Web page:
Barbara Goldsmith, 1998. The Jacket Description of Other Powers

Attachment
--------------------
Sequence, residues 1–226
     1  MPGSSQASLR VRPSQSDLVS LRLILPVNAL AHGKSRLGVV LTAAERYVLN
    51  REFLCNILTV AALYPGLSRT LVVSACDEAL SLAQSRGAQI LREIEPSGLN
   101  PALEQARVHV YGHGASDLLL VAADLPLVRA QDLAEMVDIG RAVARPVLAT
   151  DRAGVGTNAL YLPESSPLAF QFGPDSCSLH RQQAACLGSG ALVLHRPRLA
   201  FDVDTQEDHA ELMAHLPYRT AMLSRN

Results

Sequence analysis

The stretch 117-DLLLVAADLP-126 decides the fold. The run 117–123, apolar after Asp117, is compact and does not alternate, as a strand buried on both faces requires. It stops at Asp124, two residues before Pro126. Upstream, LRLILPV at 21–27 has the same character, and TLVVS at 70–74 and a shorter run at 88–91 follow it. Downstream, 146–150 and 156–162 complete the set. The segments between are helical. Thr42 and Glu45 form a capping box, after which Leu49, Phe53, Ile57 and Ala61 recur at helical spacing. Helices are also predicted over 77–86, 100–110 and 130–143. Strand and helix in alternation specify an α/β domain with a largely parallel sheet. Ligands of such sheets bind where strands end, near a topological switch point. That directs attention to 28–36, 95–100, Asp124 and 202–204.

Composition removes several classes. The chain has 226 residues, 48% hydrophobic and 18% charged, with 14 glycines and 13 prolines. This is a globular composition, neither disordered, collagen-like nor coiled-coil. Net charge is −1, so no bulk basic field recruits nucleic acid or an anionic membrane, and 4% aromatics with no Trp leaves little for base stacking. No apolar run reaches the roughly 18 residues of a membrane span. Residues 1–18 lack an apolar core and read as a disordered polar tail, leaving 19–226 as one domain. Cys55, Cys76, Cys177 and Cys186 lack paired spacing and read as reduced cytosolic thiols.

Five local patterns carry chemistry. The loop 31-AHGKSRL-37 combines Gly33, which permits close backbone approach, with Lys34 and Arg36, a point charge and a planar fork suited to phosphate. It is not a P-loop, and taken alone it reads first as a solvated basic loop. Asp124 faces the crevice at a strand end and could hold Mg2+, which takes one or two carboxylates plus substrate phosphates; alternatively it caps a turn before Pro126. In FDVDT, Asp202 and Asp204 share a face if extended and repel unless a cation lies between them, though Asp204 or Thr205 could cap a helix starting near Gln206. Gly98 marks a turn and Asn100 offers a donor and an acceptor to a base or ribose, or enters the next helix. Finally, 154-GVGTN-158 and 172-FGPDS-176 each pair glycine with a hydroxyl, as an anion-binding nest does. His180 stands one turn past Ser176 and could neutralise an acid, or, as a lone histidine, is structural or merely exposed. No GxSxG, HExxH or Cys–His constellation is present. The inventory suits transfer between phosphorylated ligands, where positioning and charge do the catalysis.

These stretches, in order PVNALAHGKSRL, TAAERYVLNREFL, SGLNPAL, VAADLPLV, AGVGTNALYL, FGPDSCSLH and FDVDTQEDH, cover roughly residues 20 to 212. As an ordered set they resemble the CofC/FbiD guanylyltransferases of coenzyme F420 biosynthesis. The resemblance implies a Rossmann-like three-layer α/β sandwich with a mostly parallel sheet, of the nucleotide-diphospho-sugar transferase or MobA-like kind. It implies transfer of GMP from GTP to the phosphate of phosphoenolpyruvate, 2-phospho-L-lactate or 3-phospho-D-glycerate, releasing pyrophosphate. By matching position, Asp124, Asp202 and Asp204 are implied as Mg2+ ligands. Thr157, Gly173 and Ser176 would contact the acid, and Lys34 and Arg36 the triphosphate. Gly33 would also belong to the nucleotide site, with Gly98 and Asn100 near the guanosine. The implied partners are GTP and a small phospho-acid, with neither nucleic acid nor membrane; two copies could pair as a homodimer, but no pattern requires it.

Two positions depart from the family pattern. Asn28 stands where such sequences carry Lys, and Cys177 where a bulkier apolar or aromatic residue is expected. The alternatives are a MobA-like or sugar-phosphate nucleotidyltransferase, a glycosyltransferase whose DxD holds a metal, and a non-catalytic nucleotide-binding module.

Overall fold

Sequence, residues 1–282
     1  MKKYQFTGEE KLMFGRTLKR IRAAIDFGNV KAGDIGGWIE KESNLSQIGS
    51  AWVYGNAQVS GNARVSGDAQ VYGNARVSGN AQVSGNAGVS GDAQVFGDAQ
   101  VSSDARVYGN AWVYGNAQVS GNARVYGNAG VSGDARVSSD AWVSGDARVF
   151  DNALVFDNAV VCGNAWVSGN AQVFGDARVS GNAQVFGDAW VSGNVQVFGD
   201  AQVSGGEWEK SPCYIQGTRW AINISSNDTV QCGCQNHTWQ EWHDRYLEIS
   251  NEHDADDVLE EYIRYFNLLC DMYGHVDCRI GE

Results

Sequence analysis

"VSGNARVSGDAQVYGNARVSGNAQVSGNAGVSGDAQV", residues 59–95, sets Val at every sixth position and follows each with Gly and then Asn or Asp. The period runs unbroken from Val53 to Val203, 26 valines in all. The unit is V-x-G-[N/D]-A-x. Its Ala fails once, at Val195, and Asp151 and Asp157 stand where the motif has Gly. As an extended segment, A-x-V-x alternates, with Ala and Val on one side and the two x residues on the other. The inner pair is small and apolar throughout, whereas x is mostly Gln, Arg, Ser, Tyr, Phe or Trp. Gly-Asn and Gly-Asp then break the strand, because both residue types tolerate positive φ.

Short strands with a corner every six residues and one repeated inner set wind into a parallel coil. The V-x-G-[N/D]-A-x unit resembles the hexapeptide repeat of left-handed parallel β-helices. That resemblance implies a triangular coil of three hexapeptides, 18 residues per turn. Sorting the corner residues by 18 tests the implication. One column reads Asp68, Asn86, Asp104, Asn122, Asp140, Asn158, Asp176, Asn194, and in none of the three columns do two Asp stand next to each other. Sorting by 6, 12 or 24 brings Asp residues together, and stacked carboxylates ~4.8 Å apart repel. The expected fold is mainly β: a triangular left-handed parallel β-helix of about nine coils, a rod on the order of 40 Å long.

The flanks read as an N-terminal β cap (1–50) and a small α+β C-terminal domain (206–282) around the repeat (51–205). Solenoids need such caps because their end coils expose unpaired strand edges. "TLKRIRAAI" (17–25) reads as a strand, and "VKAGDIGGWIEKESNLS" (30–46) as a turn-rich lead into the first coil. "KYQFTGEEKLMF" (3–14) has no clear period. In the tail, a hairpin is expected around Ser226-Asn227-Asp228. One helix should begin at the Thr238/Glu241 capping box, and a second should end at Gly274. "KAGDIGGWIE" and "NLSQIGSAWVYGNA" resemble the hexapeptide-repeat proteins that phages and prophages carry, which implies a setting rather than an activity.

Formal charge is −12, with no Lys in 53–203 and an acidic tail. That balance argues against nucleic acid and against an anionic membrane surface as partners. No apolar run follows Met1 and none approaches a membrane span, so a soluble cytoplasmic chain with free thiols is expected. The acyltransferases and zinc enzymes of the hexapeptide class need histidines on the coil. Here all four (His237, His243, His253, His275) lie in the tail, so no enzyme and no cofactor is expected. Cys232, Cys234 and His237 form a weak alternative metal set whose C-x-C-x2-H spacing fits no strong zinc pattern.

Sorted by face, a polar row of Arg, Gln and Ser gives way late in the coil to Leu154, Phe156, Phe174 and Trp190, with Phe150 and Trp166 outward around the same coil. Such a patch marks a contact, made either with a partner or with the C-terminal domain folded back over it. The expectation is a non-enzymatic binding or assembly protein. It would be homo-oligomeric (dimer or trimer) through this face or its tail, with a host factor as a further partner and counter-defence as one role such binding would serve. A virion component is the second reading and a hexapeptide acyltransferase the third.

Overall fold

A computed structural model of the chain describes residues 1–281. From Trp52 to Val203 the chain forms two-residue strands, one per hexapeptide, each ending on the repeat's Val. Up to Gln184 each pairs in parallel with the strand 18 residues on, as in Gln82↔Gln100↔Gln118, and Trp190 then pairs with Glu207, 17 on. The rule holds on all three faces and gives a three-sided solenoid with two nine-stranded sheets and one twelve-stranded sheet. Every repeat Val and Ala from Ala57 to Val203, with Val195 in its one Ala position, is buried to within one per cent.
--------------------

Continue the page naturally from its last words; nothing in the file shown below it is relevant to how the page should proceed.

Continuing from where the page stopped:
Other Powers isn't a traditional biography.  The author described it as a social history.  It's the book to consult if you're looking for an intimate view of the times of Victoria Woodhull. It demonstrates the important role spiritualism played in empowering women. In the past this web site praised the book for being extensively researched and for its lengthy bibliography which goes beyond the usual sources.  After extensively reviewing the sources, it was discovered that the book is inaccurate, poorly cited, and uses at least two novels as historical sources.  For example, Goldsmith claimed that "Miss Tennessee's Magnetic Life Elixir" contained laudanum.  Goldsmith didn't cite her source for the ingredients, but the only known work that said laudanum was in the elixir was "The Vixens: A Biography of Victoria and Tennessee Claflin" by James Brough.  Despite the word "Biography" in its title, "The Vixens" is an historical novel and not a non-fiction biography. "The Vixens" inexplicably appears in Goldsmith's bibliography which suggests Goldsmith credulously believed "The Vixens" was a non-fiction book. Goldsmith was the first author to claim that Buck Claflin sexually abused his children.  She provided four sources but none of the four sources support her claim.  Her strongest evidence was a quote from the 1871 Theodore Tilton biography.  Goldsmith wrote, "Years later, Vickie would say Buck 'made her a woman before her time.'" Except that's not what Victoria said.  Tilton's biography actually says "But the parents, as if not unwilling to be rid of a daughter whose sorrow is ripening her into a woman before her time, were delighted at the unexpected offer." Goldsmith also demonstrated she's no genealogist.  She portrayed Congressman John Snyder as a life-long bachelor when he actually has multiple marriage records.  She called Col. Blood's first wife "Isabel" when her name was Mary.  She claimed Victoria's four sisters were all single women forced into prostitution by their father when they lived on Wabash Avenue in Chicago.  In reality three of them were actually married, and there's no primary evidence they were prostitutes.  She claimed Tennessee was married the first time to John Bartels in Memphis, Tennessee when her first marriage was to John James Bortle in Sycamore, Illinois.  It would take a book to cover all the mistakes made in this "award-winning" work.  The book has been praised for its compelling writing style, but it isn't recommended as an introduction to Victoria Woodhull except for advanced students of history who know how to evaluate sources.  High school students would be better off starting with the biographies by Gabriel, Underhill, or MacPherson. Other Powers is available in both hard cover and paperback from Amazon Read an excerpt from Other Powers